voyages, in the general histories of Spanish America, and in the comprehensive descriptive works, as well as in the maps of the professional geographers and cartographers.
The period of about fifty or sixty years following the first occupation (1769) of Upper California by the Spaniards, and coming down to 1824, as Bancroft divides it, constituting an era of inland exploration, of the founding of missions, of the establishing of the military presidios and the civil pueblos, is covered in Bancroft's list by about four hundred titles, of which sixty are of printed books, and of these only three relate exclusively to California. The first of these is Miguel Costansó's Diario histórico de los viages de mar y tierra hechos al Norte de California (Mexico, 1776). It is an important document for the first expedition from Mexico to San Diego and Monterey in 1769-70, as is also the Extracto de Noticias of Monterey, published at Mexico in 1770. The third is what Bancroft calls “the standard history of California down to 1784," the Relacion historica de la vida de Junípero Serra (Mexico, 1787)? of Francisco Palou, the Franciscan next in place to Junípero, and who acted as president at times when that important character was absent from his post. 8
Another work of Palou, his Noticias de la Nueva California (1768-1783), covers the history of the missionary explorations and settlements during that period. The text is left to us in a copy made in 1792 by a royal order to preserve copies of important manuscripts for the archives of Spain, the original having disappeared from the college of San Fernando where it was deposited,' and where it probably shared the fate of the convent at the time of its destruction. From a copy preserved in the Mexican archives 10 it was printed in 1857 (Doyle says 1846), somewhat imperfectly, in the Diario Oficial, whose twenty volumes contain many other documents relating to Sonora, Chihuahua, New Mexico, and California; 'l it was also printed as a part of the Documentos para la historia de México (IV. serie, vols. vi., vii.), and has also been edited by John T. Doyle for the California Historical Society (Publications, 1874, in four volumes).12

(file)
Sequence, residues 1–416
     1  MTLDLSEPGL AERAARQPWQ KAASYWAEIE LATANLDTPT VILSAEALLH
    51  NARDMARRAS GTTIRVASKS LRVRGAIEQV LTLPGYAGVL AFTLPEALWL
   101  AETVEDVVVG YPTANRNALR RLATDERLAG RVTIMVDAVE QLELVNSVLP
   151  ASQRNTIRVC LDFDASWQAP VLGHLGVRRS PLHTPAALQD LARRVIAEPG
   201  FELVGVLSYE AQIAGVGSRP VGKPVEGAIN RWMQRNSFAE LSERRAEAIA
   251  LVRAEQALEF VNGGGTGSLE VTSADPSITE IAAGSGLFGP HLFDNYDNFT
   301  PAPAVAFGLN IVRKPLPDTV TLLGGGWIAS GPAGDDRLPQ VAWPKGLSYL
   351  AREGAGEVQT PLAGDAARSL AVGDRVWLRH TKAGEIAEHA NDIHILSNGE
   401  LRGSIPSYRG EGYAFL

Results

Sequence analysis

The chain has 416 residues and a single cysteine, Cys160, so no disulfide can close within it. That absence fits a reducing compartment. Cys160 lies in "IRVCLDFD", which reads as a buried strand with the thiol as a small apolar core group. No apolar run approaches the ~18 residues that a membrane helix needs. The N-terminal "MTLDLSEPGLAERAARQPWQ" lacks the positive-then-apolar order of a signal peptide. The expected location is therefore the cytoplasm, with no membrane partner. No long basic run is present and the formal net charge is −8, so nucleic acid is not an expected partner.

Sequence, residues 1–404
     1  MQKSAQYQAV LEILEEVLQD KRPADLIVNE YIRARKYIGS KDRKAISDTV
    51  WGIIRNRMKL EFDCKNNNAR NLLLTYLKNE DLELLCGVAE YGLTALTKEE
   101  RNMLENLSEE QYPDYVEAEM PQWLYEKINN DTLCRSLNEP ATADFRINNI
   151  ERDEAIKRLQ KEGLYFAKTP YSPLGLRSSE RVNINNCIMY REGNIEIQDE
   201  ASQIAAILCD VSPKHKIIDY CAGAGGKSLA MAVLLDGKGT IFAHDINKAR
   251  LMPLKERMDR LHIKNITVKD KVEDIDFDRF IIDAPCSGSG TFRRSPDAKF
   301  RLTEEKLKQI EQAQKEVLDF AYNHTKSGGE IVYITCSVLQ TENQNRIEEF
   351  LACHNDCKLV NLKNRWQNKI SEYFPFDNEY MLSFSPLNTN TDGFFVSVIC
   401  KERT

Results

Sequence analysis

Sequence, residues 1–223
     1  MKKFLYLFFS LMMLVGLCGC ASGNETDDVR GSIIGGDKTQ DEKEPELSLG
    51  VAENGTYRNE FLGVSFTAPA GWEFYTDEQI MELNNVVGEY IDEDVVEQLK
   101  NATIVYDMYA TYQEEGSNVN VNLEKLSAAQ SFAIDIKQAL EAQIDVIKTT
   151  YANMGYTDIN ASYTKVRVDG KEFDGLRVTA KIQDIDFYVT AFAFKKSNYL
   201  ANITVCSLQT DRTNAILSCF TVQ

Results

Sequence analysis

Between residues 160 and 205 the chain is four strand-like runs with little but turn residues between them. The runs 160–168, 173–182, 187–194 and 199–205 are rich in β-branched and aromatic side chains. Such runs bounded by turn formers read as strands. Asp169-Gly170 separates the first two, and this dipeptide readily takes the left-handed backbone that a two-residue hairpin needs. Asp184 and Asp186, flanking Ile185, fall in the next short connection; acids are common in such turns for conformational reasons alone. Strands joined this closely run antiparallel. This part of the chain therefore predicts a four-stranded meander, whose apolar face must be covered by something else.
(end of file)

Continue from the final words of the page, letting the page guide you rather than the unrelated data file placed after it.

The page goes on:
As in the case of the earlier period, the published narratives of navigators who had been on the coast,13 and the comprehensive works of some Mexican and European writers, touching America in general, or the Spanish parts of it, serve to fill out the range of material.1
1 Like Ramusio, Hakluyt, Purchas, Hacke, English encroachments on the Spanish posses. Saeghman, Harris, Van den Aa, Prévost and the sions, Gottfriedt's Newe Welt (1655), Montanus, varieties of his collection, Dalrymple, Churchill, Dapper and Ogilby (cf. ante, IV. 390), Luyt's and the later ones. See Introduction, Vol. I., Introductio ad Geographiam (1692), and Heyante; and James Burney's Chronological History lyn's Cosmography. of Discovery in the South Sea (London, 1803–16). 4 Like Ortelius, Mercator, Löw, Wytfliet, and
2 Like Acosta, Herrera, etc. Lorenzana in Blaeuw. his Hist. de la Nueva España enumerates the 6 Cf. Bancroft's California Pastoral, ch. 5. expeditions to California down to 1769. Other 6 An English version, Historical Journal (Lonmore or less comprehensive accounts of this don, 1790). Cf. California Pastoral, p. 754, and early period are in J. G. Cabrera Bueno's Nave- Carter-Brown Catalogue, iii. 3377. gacion Especulativa (Manilla, 1734); Campbell's ? Also, Mexico, 1832, in a volume of the BibConcise Hist. of Spanish America ( London, 1741), lioteca Nacional y Estrangera. Bancroft, Calicalled later (1747) The Spanish Empire in Amer. fornia, i. 670, has a long note on the MSS. ica; José Antonio Villa Señor's Theatro Ameri- which he has on José Francisco Ortega, an active cano (Mexico, 1746; Eng. transl. Statistical Ac- companion of Junípero. count of Mexico (1748) (cf. Bancroft's Mexico, 8 Bancroft, California, i. 418; California Pasiii. 510); Allgemeine Geschichte der Länder und toral, 754. Völker von America (Halle, 1752); the Apostólicos 9 California Pastoral, 756. afanes dela Compañia de Jesus (Barcelona, 1754); 10 Making vols. 22, 23 of the Archivo general, Spanische Reich in America (1763); Staat von in thirty-two volumes, a collection of similar Amerika (1766-69).